3.1 For greater certainty, no person or organization shall be deprived of any benefit, or be subject to any obligation or sanction, under any law of the Parliament of Canada solely by reason of their exercise, in respect of marriage between persons of the same sex, of the freedom of conscience and religion guaranteed under the Canadian Charter of Rights and Freedoms or the expression of their beliefs in respect of marriage as the union of a man and woman to the exclusion of all others based on that guaranteed freedom.

This could be understood to include allowing those religious groups to be able to have expectations of students, faculty and employees of their institutions to uphold these beliefs.

On the Law Society of BC webpage (http://www.lawsociety.bc.ca/page.cfm?cid=3891&t=Bencher-meeting-consideration-of-TWU,-April-11,-2014) letters showing support and opposition of TWU can be read under ‘public submissions’. One significant supporting letter is from the British Columbia Civil Liberties Association which does not give support easily or without due thought. They state that in many cases they “,,, have been involved with or spoken out about, we have maintained a consistent them of protecting the rights and freedoms of Canadians and the pluralistic and diverse nature of Canada”. (from an e-mail from BCCLA to the Federation of Law Societies of Canada, no date given, on the Law Society of British Columbia website)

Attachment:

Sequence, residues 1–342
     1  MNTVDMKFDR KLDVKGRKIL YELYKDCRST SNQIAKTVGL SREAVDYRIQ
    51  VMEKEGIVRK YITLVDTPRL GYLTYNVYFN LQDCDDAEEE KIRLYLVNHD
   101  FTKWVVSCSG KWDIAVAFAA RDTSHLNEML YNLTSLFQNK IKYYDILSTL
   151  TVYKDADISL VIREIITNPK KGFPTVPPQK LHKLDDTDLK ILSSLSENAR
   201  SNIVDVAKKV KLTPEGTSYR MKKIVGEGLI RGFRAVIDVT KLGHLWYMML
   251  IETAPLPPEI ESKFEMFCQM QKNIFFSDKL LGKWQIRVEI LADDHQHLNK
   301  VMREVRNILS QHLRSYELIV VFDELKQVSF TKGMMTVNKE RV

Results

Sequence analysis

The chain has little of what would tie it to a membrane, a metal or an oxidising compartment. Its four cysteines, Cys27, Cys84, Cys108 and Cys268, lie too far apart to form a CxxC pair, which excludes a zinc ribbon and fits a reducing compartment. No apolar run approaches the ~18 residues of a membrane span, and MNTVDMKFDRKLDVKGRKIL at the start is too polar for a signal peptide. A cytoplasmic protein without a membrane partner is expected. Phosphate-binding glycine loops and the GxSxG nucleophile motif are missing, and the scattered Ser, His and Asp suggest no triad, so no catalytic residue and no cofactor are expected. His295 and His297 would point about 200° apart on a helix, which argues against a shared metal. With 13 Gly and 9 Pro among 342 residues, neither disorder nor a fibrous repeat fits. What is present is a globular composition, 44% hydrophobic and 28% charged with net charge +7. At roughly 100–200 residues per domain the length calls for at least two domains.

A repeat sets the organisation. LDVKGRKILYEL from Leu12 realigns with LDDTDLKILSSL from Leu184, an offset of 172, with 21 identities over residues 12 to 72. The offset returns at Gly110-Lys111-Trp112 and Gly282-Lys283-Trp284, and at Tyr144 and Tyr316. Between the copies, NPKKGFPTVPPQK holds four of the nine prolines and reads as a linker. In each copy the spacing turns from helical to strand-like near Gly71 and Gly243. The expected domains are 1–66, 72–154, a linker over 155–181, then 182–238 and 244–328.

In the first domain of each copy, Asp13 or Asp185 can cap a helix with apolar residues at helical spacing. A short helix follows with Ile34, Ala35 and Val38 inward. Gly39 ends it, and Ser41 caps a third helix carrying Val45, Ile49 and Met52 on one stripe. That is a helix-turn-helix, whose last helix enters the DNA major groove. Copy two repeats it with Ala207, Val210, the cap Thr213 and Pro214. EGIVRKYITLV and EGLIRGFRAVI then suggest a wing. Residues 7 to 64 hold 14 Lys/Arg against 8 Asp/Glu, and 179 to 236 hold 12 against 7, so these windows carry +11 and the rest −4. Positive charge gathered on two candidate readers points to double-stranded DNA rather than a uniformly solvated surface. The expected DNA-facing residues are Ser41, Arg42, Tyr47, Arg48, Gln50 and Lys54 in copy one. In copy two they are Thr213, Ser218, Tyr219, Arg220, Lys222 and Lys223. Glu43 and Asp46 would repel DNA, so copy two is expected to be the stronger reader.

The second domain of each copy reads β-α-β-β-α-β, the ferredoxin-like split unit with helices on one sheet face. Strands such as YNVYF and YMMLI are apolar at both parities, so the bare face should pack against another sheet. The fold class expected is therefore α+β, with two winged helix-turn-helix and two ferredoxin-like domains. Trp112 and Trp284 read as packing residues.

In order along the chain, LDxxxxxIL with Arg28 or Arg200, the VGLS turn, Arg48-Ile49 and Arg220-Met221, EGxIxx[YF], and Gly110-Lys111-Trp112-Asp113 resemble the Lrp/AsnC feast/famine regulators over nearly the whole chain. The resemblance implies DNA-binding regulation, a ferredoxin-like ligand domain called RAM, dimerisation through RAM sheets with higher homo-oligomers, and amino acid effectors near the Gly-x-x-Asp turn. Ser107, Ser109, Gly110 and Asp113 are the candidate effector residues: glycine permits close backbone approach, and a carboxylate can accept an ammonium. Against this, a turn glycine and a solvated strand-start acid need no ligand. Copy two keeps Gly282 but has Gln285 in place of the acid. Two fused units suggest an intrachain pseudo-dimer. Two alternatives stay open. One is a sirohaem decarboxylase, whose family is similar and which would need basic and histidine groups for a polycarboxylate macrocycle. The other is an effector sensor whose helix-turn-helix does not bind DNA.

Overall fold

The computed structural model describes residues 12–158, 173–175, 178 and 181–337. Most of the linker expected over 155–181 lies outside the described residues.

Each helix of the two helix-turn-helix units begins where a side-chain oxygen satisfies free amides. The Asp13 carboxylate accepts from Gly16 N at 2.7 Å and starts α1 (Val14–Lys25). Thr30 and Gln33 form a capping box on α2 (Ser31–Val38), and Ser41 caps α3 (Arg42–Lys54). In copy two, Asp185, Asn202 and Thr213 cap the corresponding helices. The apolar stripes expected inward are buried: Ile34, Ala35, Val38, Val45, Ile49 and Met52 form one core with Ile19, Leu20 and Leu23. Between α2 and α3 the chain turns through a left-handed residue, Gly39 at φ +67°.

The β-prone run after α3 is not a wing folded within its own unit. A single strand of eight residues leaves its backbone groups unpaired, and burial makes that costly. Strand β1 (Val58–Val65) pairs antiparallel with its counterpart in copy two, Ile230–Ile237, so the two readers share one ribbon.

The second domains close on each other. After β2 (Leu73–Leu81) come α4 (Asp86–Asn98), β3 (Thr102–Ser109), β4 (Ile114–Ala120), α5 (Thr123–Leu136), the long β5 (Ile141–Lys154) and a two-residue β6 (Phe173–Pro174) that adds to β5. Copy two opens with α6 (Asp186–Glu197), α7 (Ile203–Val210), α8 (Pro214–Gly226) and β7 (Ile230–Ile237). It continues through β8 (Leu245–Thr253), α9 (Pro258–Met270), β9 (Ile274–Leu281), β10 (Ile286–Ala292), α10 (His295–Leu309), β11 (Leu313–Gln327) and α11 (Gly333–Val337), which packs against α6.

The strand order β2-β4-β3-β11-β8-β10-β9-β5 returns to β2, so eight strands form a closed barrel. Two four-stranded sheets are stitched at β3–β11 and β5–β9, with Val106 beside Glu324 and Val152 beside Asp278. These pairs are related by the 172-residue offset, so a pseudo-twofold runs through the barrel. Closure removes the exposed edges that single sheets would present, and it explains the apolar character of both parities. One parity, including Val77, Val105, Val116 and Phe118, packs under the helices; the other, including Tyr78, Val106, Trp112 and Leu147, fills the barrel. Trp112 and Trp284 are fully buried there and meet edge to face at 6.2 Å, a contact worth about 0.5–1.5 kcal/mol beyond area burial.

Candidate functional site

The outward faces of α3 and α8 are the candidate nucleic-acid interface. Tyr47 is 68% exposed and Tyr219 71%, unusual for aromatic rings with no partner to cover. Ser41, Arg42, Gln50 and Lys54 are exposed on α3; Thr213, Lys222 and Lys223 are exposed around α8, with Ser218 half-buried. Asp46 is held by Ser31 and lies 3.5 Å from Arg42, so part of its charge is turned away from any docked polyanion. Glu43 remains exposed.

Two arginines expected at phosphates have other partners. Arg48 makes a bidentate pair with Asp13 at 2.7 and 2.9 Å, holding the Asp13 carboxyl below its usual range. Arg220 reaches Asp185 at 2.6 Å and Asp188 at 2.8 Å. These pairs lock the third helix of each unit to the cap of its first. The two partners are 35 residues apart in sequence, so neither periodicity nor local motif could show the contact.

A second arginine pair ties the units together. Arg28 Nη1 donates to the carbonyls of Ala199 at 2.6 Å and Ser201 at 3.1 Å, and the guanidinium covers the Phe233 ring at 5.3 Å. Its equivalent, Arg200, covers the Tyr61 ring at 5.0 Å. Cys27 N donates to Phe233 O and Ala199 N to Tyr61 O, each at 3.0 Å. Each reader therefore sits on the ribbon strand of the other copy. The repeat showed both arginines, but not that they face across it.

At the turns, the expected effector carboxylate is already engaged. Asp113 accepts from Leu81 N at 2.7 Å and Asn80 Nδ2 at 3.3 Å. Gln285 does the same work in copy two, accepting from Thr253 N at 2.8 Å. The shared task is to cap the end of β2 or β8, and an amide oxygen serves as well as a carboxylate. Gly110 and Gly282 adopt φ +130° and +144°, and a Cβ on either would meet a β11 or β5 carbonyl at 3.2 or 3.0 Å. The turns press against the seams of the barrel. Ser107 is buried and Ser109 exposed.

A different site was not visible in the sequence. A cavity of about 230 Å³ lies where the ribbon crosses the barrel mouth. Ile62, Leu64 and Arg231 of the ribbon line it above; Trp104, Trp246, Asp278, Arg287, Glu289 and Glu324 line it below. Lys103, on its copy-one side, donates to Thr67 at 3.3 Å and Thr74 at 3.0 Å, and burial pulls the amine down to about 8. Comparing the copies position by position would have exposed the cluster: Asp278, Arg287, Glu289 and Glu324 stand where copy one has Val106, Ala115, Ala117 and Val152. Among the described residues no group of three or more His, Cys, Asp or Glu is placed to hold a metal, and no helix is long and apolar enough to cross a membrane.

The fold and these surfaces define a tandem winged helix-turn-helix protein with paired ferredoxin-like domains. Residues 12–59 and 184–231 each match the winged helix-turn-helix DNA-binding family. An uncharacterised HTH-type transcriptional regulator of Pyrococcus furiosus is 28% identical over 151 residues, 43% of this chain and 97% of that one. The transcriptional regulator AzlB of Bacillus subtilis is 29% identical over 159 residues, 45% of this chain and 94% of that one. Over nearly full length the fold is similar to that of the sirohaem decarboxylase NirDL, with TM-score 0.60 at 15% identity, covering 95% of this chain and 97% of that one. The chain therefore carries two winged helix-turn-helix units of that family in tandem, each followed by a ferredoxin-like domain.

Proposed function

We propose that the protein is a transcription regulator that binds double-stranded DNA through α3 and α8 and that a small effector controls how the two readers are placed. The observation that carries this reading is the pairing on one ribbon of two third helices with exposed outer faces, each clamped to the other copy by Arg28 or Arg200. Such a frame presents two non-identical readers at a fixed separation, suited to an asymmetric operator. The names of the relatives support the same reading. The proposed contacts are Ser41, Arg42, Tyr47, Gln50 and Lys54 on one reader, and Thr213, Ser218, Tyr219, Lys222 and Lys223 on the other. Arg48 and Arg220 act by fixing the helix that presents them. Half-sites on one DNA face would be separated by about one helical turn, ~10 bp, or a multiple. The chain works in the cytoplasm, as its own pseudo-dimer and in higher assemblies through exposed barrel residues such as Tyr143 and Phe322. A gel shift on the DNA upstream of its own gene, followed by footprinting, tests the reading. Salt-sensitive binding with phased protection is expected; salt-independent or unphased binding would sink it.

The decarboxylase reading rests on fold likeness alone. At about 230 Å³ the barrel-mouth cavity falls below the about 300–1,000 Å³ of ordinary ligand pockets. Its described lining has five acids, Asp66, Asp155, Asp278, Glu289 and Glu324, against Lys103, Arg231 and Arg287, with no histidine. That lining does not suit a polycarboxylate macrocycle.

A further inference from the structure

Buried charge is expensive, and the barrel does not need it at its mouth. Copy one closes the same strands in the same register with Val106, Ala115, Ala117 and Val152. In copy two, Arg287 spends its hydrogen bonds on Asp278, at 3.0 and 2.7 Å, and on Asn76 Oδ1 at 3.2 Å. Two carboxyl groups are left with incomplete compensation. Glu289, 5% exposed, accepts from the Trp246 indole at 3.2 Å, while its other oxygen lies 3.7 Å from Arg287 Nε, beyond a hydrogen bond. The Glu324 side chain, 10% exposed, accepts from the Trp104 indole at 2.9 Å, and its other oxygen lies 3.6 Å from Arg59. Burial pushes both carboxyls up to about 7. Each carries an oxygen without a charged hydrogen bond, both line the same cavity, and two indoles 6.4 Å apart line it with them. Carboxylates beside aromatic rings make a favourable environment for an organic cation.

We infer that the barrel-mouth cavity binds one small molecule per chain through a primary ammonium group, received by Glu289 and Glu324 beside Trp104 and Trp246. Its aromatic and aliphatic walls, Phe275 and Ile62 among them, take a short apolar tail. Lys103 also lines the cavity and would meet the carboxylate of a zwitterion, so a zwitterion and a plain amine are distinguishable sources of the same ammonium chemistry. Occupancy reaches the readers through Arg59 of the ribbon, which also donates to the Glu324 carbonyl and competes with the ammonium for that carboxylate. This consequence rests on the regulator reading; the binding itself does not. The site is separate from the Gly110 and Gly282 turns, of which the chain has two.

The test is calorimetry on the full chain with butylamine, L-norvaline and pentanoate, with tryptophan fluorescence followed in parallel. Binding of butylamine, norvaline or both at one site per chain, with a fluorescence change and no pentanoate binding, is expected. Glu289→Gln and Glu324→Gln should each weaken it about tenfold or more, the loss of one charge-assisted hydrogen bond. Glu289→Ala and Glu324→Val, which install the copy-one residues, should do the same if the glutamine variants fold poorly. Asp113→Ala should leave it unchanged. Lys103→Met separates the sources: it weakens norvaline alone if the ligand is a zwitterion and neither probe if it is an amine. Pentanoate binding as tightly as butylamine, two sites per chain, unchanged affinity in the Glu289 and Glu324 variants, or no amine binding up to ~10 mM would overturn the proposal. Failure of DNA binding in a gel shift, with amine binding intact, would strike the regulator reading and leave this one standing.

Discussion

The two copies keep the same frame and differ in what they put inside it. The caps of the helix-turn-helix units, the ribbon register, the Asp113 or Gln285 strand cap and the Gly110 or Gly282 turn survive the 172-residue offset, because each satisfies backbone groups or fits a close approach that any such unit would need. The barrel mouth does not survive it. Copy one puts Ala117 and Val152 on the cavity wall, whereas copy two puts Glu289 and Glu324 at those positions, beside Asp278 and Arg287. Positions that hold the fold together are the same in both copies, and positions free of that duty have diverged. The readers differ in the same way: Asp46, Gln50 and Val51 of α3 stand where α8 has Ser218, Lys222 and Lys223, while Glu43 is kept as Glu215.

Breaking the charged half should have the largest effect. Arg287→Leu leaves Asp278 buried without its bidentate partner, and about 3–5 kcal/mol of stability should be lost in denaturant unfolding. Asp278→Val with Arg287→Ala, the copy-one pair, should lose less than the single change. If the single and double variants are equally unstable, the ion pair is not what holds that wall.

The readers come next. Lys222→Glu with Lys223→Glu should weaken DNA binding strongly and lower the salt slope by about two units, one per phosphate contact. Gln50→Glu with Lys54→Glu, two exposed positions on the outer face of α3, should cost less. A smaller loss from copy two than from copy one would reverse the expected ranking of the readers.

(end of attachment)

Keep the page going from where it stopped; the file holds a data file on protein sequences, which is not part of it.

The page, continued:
Referring to deans of law schools who spoke out saying that TWU should not be accredited they go on to say, “ With regard to our first concern, we note that Canada is a country founded upon diversity and tolerance. It is thus startling for deans of publicly-funded university law schools to use their position to attempt to thwart the entry of another voice into academia, particularly where that voice is a religious one. We not that the Human Rights Code of British Columbia expressly provides for religious-based groups, among others, to be exempt from certain of its provision when they grant preferences to members of those groups. Obviously, in order for such groups to survive they must be able to prescribe the conditions of membership of their group and set out their fundamental beliefs.” (from an e-mail from BCCLA to the Federation of Law Societies of Canada, no date given, on the Law Society of British Columbia website)

Now a lawyer in Victoria, BC has collected signatures of lawyers in BC who want to re-open the case and have the Law Society of BC change its decision. I call upon people of good will and those who are in favour of just laws to write in to thank the Law Society for their thoughtful and reasonable ruling in favour of TWU’s Law Students and say that you hope they will not change that decision. It is a matter of importance that discrimination against Christian values upon which Canada was founded is discouraged.
The address is:
Mr. Timothy E. McGee, QC, Chief Executive Office and Executive Director
The Law Society of British Columbia
845 Cambie Street
Vancouver, BC V6B 4Z9